In mid-February, the New Hampshire state lottery filed a lawsuit against the United States Department of Justice new interpretation of the 1961 Wire Act. The complaint was filed to a US District Court for New Hampshire with the Department of Justice and William Barr, the newly appointed Attorney General, as the defendants. According to their lawsuit, the new Wire Act opinion ignores the “clear, binding precedents” on the scope of the law.
Perhaps the biggest issue was that the new opinion caused so much confusion with regards to how strict its implementation would be. This sentiment was shared by many entities and other states including Pennsylvania – they have been participating in the lawsuit in one way or the other. This is quite a big deal since if the opinion whose implementation has been delayed goes is implemented at the moment, all the lotteries across the country will be brought to a grinding halt. This would result in the loss of millions of dollars in revenue for states like New Hampshire and Pennsylvania. There has been a tone of speculation that the move to reinterpret the law was influenced by certain industry leaders who have not been sold on the idea of online gambling.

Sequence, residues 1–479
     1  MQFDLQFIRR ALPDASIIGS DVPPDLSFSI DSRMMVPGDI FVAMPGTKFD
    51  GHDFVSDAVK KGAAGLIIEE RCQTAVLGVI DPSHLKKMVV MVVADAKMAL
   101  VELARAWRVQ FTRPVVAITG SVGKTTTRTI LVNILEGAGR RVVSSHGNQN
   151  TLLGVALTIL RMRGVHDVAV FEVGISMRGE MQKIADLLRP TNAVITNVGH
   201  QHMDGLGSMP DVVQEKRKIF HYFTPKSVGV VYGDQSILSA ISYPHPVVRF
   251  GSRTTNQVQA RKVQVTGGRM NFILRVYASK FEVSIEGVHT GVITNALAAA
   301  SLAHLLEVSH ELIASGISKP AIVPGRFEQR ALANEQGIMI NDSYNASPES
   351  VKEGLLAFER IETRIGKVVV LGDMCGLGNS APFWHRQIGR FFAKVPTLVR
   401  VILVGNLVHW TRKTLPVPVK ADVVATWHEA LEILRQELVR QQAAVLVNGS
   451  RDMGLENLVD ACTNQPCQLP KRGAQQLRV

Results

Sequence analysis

Despite all that is going on now, a recent move by the United States Department of Justice shows that it is not even considering the reversal of its new opinion. The move which intends to squash the backlash that it has received since it announced that the Wire Act would apply to all other forms of online gambling and not just sports betting.
The Department of Justice’s response arrived last Friday in a 37-page document that requested that the lawsuit is dismissed – there is, obviously, an extremely slim chance that the request for dismissal will be granted. However, the very fact that the department has opted to request the dismissal of the lawsuit proves that it is indeed not ready to reverse the Wire Act opinion.
To make it even worse, shortly after New Hampshire has already received the amicus briefs to its lawsuit, Sheldon Adelson (the anti-gambling lord himself) through the Coalition to Stop Internet Gambling (CSIG) filed yet another amicus brief supporting the decision of the Department of Justice. While this not surprising at all, it certainly makes it clear that the department is amassing some support as it prepares for the legal battle ahead. All hope is not lost though – there are now a total of 15 states supporting the New Hampshire lawsuit and this probably enough to at least get the DOJ to make a few changes to their opinion.